The accumulated heat in the oceans grows at a record level for the sixth year

The oceans are warmer than ever and continue their streak of record temperatures for the sixth year in a row, according to a study with data from 2021 published in Advances in Atmospheric Sciences.

The report, written by 23 researchers from 14 institutes, summarizes two international data sets: from the Institute of Atmospheric Physics (IAP) of the Chinese Academy of Sciences (CAS) and the National Centers for Environmental Information of the National Oceanic Administration and Atmospheric (NOAA) of the United States, which analyze observations of the heat contained in the ocean and its impact dating from the 1950s. “The heat content of the ocean is increasing relentlessly globally, and this is a leading indicator of the human-induced climate change, “article author Kevin Trenberth, a distinguished scholar at the US National Center for Atmospheric Research (NCAR), said in a statement. “In this most recent report, we update ocean observations to 2021, while reviewing and reprocessing previous data.”

Over the past year, researchers found that the upper 2,000 meters in all oceans absorbed 14 zettajoules more than in 2020, which is equivalent to 145 times the world’s electricity generation in 2020. By context, all the energy humans use in the whole world in a single year is about half a zettajoule.

“In addition to absorbing heat, the ocean currently absorbs 20 to 30% of human carbon dioxide emissions, leading to ocean acidification; however, warming of the oceans reduces the efficiency of carbon absorption oceanic and leaves more carbon dioxide in the air, “said Lijing Cheng, lead author of the paper and associate professor at the International Center for Climate and Environmental Sciences at IAP-CAS. “Monitoring and understanding the heat and carbon mix going forward is important to track climate change mitigation goals.” The researchers also evaluated the role of various natural variations, such as the warming and cooling phases known as El Niño and La Niña, which greatly affect regional temperature changes. According to Cheng, regional analyzes show that strong and significant ocean warming since the late 1950s occurs everywhere. However, regional marine heat waves are a consequence, with huge impacts on marine life.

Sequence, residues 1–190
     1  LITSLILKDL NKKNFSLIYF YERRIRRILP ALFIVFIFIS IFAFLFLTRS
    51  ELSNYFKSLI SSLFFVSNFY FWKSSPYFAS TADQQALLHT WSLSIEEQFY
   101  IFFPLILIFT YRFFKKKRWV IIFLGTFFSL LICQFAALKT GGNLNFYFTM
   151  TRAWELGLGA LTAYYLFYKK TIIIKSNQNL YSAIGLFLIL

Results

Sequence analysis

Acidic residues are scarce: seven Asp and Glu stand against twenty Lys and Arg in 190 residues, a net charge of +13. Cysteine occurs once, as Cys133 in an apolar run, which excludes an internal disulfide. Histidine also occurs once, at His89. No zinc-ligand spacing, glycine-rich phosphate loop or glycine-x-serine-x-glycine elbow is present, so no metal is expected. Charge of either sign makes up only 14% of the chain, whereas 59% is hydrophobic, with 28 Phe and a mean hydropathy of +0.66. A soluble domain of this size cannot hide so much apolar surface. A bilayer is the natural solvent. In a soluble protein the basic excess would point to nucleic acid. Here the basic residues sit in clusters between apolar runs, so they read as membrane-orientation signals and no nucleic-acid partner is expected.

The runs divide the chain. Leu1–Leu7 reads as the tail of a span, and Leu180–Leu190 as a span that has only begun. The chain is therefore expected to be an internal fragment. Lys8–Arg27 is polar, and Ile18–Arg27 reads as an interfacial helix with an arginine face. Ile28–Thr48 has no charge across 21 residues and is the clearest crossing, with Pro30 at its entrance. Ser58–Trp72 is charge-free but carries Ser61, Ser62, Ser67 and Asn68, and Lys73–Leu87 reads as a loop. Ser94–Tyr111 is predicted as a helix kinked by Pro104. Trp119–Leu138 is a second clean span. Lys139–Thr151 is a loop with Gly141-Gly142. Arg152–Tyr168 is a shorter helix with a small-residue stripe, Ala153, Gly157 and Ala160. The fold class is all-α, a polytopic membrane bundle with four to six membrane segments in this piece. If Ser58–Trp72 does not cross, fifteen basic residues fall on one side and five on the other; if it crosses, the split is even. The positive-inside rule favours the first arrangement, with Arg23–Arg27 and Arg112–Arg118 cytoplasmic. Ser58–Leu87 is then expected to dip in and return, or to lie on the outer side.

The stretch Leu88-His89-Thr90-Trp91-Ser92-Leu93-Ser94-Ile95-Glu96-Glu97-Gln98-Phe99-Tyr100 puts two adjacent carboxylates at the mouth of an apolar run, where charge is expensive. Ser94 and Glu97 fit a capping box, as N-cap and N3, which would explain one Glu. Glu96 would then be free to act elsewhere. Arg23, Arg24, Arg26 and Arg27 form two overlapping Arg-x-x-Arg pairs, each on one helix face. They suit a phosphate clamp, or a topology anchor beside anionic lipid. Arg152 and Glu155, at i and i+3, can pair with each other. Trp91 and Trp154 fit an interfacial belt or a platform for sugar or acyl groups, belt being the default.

“Our previous work showed that it takes scientists less than 4 years of ocean heat measurements to detect a human-induced warming signal from natural variations. This is much shorter than the nearly three decades of measurements needed to detect the global warming using air temperatures near the Earth’s surface. In fact, although in the 10 warmest years, global surface temperatures for 2021 are not the highest on record due to La Niña conditions in the tropical Pacific, among other things. The heat content of the ocean is one of the best indicators of climate change. ” said John Abraham, a professor at the University of St. Thomas. During La Niña, the ocean actually absorbs but submerges the additional heat below the surface.

“With model experiments, our study shows that the warming pattern of the oceans is the result of human-related changes in atmospheric composition.” Cheng said.

“As oceans warm, water expands and sea levels rise. Warmer oceans also put stress on weather systems, creating more powerful storms and hurricanes, as well as increasing rainfall and flood risk. “

“The oceans are absorbing most of the heat from human carbon emissions,” said article author Michael Mann, Distinguished Professor of Atmospheric Sciences at Pennsylvania State University. “Until we reach net zero emissions, that warming will continue and we will continue to break records for ocean heat content, as we did this year. Better awareness and understanding of the oceans are the foundation for action to combat climate change.”